Transportation

Port Of Houston Wants To Try Out New Automated Cargo Transport System

Texas A&M has just unveiled a new transportation system that could take a lot of traffic off local freeways.

The Automated Freight Shuttle is designed to move trailers and cargo containers.
The Automated Freight Shuttle is designed to move trailers and cargo containers.
The Port of Houston says the new freight shuttle system could help cut down on pollution from idling trucks.
The Port of Houston says the new freight shuttle system could help cut down on pollution from idling trucks.
Researchers say the shuttle system could operate in freeway medians.
Researchers say the shuttle system could operate in freeway medians.

Governor Greg Abbott was blunt when he talked about the traffic on Texas highways.

“It’s a sad day when a guy pushing a wheelchair can go faster than traffic stuck on some of our congested roadways,” said Abbott.

Abbott made his comments as the Texas A&M Transportation Institute debuted a new system that could get a lot of trucks out of the mix. It’s called the Autonomous Freight Shuttle System. It’s an elevated guideway that uses electric shuttles to move trailers and cargo containers. Developers say you could run it down the middle of a roadway, separating cargo from passenger vehicles, with the goal of cutting down on congestion and pollution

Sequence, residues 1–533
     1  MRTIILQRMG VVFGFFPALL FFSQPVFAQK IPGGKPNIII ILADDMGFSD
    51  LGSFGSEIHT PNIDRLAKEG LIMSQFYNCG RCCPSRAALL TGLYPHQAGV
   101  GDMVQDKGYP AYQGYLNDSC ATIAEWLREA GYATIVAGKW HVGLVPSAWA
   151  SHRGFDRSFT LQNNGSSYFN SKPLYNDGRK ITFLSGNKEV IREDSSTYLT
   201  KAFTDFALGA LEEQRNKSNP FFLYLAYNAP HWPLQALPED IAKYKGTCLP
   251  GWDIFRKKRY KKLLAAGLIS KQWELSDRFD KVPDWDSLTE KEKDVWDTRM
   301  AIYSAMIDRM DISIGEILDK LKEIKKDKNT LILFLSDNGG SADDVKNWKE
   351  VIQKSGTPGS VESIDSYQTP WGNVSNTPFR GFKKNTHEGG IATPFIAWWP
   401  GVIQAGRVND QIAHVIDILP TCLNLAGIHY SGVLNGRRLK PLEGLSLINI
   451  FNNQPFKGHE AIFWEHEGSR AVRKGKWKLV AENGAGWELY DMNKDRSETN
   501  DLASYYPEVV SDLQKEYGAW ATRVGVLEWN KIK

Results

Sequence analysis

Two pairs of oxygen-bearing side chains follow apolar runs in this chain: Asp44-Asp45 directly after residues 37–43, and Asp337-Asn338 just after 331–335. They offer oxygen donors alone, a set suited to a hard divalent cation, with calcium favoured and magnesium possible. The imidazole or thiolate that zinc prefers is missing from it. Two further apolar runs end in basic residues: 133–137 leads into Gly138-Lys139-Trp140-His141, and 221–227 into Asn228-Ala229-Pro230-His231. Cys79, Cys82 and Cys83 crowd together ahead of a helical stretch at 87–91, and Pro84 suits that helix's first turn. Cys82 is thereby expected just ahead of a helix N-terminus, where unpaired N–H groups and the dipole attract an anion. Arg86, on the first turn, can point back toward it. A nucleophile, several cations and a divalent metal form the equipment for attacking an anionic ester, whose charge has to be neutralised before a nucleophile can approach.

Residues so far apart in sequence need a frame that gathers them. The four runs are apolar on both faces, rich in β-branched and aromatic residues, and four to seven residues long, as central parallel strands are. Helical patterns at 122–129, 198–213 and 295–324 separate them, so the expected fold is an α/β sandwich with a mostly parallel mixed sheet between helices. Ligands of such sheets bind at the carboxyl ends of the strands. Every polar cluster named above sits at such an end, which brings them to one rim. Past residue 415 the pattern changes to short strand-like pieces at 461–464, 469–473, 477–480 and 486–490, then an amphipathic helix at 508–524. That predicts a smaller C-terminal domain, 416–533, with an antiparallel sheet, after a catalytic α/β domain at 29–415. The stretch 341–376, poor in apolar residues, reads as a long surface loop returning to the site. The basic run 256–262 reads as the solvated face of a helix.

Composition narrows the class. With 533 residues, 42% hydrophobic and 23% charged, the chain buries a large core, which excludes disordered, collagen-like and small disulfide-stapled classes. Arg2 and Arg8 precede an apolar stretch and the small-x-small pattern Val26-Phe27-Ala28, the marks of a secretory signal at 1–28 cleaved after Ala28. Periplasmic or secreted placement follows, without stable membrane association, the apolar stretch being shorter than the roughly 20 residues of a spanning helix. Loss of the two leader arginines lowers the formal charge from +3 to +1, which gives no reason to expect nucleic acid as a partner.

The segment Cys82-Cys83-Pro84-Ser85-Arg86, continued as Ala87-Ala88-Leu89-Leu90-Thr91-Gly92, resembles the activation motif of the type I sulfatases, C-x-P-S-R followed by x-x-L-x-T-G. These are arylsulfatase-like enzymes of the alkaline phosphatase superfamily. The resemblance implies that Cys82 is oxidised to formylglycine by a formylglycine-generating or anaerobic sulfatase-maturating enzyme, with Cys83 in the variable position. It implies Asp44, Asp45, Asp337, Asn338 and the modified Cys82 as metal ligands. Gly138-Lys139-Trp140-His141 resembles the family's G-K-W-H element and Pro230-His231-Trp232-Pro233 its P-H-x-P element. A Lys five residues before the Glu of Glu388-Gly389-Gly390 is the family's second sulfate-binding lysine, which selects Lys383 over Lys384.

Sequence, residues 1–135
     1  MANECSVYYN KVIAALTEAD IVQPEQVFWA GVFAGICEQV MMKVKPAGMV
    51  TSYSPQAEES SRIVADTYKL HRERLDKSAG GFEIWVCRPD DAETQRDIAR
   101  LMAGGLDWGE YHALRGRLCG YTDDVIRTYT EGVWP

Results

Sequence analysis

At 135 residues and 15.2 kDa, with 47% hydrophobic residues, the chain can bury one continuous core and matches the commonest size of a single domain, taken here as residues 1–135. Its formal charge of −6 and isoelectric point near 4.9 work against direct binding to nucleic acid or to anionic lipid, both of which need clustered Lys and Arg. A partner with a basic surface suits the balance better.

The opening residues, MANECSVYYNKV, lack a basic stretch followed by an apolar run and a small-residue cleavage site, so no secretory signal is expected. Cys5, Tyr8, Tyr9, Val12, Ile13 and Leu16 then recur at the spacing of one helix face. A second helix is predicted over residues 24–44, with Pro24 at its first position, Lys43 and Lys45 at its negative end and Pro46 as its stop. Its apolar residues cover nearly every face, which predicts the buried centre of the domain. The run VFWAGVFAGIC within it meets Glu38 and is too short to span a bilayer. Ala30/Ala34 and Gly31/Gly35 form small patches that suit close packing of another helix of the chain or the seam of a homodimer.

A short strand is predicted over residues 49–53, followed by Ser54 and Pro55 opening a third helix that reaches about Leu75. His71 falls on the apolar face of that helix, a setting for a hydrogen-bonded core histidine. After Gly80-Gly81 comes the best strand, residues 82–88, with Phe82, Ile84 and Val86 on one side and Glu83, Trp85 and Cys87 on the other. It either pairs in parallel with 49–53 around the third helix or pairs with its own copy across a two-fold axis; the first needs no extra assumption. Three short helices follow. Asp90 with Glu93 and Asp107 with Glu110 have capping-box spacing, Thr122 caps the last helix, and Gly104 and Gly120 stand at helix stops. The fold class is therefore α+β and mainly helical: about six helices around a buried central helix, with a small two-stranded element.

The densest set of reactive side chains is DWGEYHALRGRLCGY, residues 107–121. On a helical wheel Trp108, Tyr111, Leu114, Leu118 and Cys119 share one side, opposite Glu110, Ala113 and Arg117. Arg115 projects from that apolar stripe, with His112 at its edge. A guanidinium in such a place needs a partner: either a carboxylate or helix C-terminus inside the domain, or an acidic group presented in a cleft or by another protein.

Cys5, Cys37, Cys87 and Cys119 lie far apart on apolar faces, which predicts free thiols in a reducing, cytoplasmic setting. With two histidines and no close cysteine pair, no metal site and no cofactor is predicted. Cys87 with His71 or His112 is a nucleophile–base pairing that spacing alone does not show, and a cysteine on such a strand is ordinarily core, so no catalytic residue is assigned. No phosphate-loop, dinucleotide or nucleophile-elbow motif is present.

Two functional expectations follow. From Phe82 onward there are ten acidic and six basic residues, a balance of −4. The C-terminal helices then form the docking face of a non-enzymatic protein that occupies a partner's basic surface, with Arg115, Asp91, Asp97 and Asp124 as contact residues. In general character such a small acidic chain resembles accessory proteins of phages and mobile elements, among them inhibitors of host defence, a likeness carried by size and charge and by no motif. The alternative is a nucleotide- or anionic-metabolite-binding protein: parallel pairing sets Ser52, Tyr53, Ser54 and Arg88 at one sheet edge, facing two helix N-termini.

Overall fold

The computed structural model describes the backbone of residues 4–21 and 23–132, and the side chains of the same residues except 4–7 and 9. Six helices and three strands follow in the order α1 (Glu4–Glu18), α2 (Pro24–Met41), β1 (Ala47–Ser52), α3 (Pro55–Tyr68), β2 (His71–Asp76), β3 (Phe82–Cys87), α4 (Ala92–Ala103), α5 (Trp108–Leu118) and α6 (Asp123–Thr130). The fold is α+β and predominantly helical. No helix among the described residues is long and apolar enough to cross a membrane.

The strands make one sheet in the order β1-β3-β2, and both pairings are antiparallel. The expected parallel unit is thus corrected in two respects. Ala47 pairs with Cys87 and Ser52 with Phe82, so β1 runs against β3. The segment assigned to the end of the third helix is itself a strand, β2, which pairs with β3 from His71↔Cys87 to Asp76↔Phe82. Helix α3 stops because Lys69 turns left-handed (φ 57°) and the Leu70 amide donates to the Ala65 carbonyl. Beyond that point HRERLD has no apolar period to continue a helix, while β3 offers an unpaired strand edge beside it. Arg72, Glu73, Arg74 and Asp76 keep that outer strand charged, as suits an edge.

One of the first places we could see the shuttle in operation is at the Port of Houston. The port has signed an agreement with Freight Shuttle International, the private company created to market the design.

Port Executive Director Roger Guenther says they’ll now start looking into how exactly they can use the system: “Which will improve efficiencies, avoid the future congestion, lower emissions, and provide a safer opportunity and alternative during the movement of freight.”

While there’s a lot of rail activity at the port, most cargo leaves by truck. And that poses a lot of challenges as the region works to meet federal clean air mandates.

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Gail Delaughter

Transportation Reporter

From early-morning interviews with commuters to walks through muddy construction sites, Gail covers all aspects of getting around Houston. That includes walking, driving, cycling, taking the bus, and occasionally flying. Before she became transportation reporter in 2011, Gail hosted weekend programs for Houston Public Media. She's also covered courts in...

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